At first this makes us all feel incredibly alone, until we make an effort to explore and find new ways to make contact with one another, not as crowds or constituents or mobs or armies, but as fully responsible human beings. Our challenge always, is to create entirely new realities for ourselves, through our storytelling and our imagining, that are fluid and adaptable enough to deal with the constant change that our world throws at us. We have the tools to do it, and our task is to awake to our possibilities and to summon the courage to face and dismiss those who would build walls out of our fear.

The Rise of Another World

In light of the irrelevant squabbling that characterizes the fear based struggles of the west, particularly the current election cycle, we should be aware that in important ways the world is ‘moving on.’ As a culture we will either learn to ride the waves or we will fail. 
My generation woke up in the sixties to the horrors and injustices of a world overtaken by colonialism and the machineries of global capitalism. We came of age in the first decades of television and the rise of electronic media. The shock of seeing the world from a whole new perspective than that of our parents drove us into a quest for the future that was both hopeful and desperate. We created the hopeful dream of a future dominated by peace and love. We tried to transcend the forces of history and in the process created unfortunate blind spots in our view of the present. 
Things have turned out differently than many of us dreamed, at least in the short term. Instead of an Age of Aquarius we appear to have arrived in a world where the dominant reality is one of fragmentation and fear. Instead of universal brotherhood we’ve become isolated into paranoid camps dreaming up ways to attribute our woes to others. Many ‘New Agers’ that I know have taken refuge in bizarre fantasies of persecution and/or redemption that are drawn out of thin air to ‘explain’ the bewildering complexity of the world. We are unable to give up our destructive addictions, so we turn them into religions and defend them with a passion born of fear.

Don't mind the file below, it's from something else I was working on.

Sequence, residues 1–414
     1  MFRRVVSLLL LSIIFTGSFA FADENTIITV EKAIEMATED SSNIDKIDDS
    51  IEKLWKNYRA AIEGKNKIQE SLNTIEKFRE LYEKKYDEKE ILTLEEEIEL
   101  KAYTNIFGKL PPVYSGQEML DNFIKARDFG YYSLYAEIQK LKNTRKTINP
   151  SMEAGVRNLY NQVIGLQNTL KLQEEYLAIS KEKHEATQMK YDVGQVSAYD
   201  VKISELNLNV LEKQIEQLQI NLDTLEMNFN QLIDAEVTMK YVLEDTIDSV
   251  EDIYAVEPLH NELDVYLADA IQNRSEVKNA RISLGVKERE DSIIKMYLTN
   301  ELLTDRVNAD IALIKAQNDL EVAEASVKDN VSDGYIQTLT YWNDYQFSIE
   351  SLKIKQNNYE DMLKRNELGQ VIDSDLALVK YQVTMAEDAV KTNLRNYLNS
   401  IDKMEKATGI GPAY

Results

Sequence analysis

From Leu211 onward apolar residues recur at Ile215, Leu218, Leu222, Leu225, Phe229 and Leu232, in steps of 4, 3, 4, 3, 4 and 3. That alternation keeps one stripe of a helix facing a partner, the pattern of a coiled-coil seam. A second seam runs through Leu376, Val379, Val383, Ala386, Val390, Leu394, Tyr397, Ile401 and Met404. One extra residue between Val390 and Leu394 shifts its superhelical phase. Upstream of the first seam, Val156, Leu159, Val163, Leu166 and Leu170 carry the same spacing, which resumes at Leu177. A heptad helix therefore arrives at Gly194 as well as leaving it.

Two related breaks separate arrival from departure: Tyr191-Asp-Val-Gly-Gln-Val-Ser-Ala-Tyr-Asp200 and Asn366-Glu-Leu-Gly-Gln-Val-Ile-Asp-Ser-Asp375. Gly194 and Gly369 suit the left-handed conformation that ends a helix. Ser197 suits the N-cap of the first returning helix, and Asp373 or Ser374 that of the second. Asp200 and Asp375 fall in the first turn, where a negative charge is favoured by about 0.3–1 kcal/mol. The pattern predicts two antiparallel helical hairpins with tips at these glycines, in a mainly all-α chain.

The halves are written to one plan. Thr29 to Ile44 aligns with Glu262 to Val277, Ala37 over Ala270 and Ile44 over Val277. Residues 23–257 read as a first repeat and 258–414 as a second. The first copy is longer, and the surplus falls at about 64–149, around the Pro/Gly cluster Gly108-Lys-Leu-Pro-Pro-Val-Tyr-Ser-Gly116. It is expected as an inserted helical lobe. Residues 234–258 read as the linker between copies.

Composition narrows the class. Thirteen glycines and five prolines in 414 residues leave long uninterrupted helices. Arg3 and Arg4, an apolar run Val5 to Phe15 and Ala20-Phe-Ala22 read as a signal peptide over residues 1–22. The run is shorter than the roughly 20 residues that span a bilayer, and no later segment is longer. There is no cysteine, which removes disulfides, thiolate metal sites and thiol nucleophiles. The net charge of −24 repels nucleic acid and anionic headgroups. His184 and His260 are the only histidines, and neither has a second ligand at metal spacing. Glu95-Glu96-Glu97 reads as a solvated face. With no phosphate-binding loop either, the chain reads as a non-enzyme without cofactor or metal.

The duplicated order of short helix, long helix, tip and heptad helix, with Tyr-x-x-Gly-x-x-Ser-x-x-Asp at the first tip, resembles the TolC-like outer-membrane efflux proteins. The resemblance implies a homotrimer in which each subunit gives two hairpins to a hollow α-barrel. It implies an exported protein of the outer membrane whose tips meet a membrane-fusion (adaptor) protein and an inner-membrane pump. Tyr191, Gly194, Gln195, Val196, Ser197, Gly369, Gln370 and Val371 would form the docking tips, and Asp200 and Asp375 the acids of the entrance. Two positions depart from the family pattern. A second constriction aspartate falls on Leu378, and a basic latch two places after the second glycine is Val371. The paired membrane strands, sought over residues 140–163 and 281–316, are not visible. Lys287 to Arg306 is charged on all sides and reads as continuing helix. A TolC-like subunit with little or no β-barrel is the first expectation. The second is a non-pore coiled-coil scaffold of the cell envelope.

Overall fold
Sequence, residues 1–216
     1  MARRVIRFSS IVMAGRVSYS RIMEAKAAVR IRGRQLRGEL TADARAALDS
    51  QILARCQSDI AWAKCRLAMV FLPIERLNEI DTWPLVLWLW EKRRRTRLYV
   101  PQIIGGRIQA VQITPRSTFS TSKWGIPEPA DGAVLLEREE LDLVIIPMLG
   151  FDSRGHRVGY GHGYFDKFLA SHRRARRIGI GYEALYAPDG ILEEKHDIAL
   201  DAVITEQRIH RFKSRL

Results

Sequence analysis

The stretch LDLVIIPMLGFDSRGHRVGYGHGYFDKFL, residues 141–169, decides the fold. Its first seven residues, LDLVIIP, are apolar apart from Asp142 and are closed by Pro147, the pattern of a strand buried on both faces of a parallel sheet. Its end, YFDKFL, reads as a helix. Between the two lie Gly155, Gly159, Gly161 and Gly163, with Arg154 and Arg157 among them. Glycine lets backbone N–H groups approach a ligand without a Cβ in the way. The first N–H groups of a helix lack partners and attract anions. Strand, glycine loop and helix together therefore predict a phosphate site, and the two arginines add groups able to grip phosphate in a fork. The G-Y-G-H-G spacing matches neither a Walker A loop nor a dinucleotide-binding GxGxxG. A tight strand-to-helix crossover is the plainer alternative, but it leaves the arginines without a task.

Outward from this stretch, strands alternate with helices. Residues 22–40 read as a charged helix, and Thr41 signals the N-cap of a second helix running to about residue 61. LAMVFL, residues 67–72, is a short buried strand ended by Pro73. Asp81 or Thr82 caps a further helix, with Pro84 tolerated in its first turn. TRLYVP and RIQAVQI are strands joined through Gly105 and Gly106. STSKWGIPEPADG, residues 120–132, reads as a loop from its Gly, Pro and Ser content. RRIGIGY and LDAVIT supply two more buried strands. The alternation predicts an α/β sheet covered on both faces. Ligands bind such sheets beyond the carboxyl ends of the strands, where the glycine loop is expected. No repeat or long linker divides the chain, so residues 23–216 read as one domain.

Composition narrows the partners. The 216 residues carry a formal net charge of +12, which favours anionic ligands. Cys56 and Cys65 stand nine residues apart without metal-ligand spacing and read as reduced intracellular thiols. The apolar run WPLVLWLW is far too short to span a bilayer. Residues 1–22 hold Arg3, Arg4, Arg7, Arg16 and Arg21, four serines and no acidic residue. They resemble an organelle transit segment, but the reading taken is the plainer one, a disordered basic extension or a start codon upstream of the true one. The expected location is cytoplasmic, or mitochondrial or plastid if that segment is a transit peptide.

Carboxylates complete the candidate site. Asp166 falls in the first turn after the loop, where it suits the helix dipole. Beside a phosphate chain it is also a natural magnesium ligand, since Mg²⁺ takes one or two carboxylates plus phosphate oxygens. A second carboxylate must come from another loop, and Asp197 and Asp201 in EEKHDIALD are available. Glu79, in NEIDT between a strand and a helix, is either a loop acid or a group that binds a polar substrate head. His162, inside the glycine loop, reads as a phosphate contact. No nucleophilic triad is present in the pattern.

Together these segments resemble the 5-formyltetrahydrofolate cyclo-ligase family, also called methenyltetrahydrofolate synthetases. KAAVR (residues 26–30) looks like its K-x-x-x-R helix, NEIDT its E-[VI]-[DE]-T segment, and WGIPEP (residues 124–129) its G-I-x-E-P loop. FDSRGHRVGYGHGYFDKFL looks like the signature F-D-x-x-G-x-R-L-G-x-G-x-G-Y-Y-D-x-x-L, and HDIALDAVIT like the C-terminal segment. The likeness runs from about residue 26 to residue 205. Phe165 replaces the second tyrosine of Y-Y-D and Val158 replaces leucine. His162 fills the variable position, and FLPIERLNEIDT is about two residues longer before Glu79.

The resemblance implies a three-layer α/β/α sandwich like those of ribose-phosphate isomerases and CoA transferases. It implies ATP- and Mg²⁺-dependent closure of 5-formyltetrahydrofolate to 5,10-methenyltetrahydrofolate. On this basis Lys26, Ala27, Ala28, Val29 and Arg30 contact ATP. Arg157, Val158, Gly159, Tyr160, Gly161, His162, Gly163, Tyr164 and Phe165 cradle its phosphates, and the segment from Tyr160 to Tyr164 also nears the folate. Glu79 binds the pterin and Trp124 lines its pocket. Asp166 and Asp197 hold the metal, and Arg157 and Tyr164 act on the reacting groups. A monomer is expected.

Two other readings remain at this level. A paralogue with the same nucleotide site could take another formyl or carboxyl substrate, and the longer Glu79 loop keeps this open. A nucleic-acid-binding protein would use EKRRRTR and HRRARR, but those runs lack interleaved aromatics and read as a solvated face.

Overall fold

In our struggle to deny the reality of the situations we collectively face, we’ve been caught up in a confusion of contrarian visions, each defending its own turf against all others. The Internet, while opening us to a world of almost infinite diversity has also been a mixed blessing, particularly in the so-called ‘developed’ world. In the domain of ‘social networks’ (read ‘tribes’) we tend to gather into closed networks that reinforce our preconceptions while excluding input from contrary points of view. 
In spite of all of this the world continues to change and humans continue to imagine and create. What we need more than ever is the ability to pay attention, to listen to other points of view and other ways of perceiving the reality we face. More than ever we need to be detached and fluid as the world reshapes itself. My advice to us all is, “don’t sweat the big stuff.” We can only effect the enormously complex forces that are reshaping the world by the quality of our everyday interactions.
As an illustration of the factors that will effect our future, I offer a link to this important TED talk on China by Martin Jacques, author of When China Rules the World

Understanding China

Mr. Jacques presents a historical outline of the important aspects that we in the western world tend to miss when we assume that a country like China approaches the future in a manner that merely replicates our own and that the Chinese are motivated in the same way that we are. 
The main points of his talk:
By the end of the next decade China will have an economy twice the size of the United States. 
The speaker warns that “the West has lost the sense of the future.” He makes a case that the world of the future will be shaped more by the developing world than through the weakening influence of the long dominant western models.  
China’s problem: A huge number of people and no space. 
Three crucial differences in China’s sense of itself and the factors that shape its decisions:
The concept of the Civilization State (as opposed to the Nation State).
The notion of Race (the absolute primacy of a single dominant race: the Han).
The State as the defender of Civilization (the state as the guarantor of Unity).
The Chinese invented Golf.